Election spending promises broken

May 17, 1996

The Australian government has admitted that it intends to break a pre-election commitment to the nation's universities and slash spending on higher education.

More than two months after the conservative administration of prime minister John Howard took over the treasury benches, education minister Amanda Vanstone has finally told vice chancellors that major reductions in expenditure will be made in the August budget.

At a meeting with the Australian Vice Chancellors' Committee last week, Senator Vanstone confirmed fears that universities could expect a sharp reduction in their annual federal grants - possibly up to Aus$500 million (Pounds 250 million).

This will almost certainly cause a significant rise in the number of large classes, cuts in student enrolments, cancellation of many courses and research programmes, savage staff retrenchments - and no federally-funded pay rise for academics.

It will be the first time in the memory of vice chancellors that higher education has experienced a fall in Commonwealth spending. Between the election in 1983 of the first of a succession of Labor governments and Labor's last full year in office in 1995, total spending on universities increased by 63 per cent in real terms while enrolments rose by more than 70 per cent.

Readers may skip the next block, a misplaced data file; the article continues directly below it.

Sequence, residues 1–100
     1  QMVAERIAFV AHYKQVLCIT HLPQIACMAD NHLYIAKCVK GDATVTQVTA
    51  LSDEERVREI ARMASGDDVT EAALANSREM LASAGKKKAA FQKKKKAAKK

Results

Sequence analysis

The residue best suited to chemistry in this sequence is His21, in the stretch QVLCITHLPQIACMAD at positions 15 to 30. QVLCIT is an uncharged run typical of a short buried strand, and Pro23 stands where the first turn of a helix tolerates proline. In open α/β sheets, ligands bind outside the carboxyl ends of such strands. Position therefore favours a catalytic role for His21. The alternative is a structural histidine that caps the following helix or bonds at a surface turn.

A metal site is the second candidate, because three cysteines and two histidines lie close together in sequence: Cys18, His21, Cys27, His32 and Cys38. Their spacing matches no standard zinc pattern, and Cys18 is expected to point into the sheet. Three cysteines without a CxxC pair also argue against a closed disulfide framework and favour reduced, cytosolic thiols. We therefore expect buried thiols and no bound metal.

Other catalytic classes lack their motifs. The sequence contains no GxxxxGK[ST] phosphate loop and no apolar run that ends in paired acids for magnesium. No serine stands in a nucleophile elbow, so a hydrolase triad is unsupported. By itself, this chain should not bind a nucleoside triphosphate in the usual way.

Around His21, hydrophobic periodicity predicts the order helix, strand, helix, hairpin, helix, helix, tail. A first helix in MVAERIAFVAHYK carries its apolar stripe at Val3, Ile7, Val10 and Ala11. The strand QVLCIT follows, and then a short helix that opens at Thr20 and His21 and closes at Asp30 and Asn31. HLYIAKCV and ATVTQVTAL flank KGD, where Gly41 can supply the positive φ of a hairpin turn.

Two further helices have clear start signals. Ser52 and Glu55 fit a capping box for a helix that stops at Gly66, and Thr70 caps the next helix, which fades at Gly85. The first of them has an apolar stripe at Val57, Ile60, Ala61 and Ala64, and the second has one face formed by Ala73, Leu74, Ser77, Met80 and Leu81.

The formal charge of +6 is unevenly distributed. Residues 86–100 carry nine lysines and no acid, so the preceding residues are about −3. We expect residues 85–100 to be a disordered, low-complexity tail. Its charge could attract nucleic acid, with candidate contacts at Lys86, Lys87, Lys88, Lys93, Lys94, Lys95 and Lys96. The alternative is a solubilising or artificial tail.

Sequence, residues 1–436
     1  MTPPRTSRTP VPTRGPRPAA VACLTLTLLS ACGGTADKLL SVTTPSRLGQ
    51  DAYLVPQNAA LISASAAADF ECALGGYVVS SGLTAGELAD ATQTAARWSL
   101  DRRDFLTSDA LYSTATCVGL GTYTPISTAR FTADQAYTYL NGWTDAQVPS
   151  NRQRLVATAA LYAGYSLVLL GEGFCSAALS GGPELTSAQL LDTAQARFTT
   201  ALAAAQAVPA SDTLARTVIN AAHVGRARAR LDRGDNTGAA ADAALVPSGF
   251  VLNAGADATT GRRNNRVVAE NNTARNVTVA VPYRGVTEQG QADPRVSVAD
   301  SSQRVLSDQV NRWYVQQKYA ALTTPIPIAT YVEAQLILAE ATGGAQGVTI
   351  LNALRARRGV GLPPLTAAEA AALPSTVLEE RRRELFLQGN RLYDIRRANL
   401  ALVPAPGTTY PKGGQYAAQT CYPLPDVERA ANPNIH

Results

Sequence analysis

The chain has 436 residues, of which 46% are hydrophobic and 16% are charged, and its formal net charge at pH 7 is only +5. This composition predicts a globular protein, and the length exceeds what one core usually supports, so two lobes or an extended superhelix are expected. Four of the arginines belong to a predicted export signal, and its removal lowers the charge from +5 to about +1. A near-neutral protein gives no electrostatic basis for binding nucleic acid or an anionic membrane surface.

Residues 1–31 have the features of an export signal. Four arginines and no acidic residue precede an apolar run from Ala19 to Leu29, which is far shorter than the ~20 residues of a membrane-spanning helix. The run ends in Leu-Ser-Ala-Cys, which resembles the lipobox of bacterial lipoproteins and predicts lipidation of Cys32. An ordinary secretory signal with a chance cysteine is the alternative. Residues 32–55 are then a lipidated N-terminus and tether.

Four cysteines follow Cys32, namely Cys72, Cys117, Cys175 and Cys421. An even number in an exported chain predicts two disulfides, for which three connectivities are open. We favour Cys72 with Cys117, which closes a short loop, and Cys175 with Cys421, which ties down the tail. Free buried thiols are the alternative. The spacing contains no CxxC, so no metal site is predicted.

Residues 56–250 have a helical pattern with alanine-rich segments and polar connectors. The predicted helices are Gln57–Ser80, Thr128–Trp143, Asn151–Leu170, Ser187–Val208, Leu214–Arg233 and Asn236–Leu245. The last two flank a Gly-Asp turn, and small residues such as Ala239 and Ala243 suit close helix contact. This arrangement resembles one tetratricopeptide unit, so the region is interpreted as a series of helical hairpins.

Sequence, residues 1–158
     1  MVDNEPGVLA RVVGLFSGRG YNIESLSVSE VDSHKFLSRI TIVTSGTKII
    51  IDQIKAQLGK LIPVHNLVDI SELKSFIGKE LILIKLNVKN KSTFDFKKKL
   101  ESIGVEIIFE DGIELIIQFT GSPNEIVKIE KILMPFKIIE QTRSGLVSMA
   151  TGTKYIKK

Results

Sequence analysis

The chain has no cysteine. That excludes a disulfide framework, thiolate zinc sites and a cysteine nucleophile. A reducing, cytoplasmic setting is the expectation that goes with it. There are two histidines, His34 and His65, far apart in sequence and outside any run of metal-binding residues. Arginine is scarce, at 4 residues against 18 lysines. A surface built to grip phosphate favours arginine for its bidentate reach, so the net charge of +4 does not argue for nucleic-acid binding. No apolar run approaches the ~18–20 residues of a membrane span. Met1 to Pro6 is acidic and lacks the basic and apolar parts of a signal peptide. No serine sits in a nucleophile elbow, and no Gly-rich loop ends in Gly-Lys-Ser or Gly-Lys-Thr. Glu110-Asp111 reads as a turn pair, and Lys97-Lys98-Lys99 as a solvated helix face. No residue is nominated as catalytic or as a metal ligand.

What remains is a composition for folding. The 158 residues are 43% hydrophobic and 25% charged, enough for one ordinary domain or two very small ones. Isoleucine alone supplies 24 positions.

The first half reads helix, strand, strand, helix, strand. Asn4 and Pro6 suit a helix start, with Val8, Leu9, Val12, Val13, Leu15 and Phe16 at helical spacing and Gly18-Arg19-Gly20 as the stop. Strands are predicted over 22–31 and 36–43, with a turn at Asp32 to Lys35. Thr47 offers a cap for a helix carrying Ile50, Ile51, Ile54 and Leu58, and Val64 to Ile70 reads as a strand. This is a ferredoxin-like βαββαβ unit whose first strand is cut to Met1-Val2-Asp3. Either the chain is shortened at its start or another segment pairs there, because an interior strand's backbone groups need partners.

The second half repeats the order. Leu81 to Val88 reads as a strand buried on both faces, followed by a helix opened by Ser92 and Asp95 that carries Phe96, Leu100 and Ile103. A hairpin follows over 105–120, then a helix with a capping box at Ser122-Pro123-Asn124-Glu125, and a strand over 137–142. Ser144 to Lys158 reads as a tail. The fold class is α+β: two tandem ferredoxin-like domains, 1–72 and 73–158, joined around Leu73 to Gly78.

That era of expansion ended on March 2 this year when Australians gave Mr Howard an overwhelming mandate for change - although few voters would have realised how quickly the government would be breaking its promises. The prime minister claims harsh action is necessary because of an Aus$8 billion "hole" in Australia's current account deficit - a hole that must be filled over the next two years.

Senator Vanstone, however, has given vice chancellors the opportunity to lessen the impact - if they can come up with ways of saving money themselves.

Academics have already begun a campaign of industrial action - including a planned nationwide 24-hour strike on May 30 - in support of the pay rise. Although the government does not want a cut in student numbers, AVCC president Fay Gale said this was one of the few options available.

"We have never had to face this kind of thing before," Professor Gale said. The meeting with Senator Vanstone had been "tense" but at least vice chancellors now knew the worst. Most left for their universities in a state of shock.

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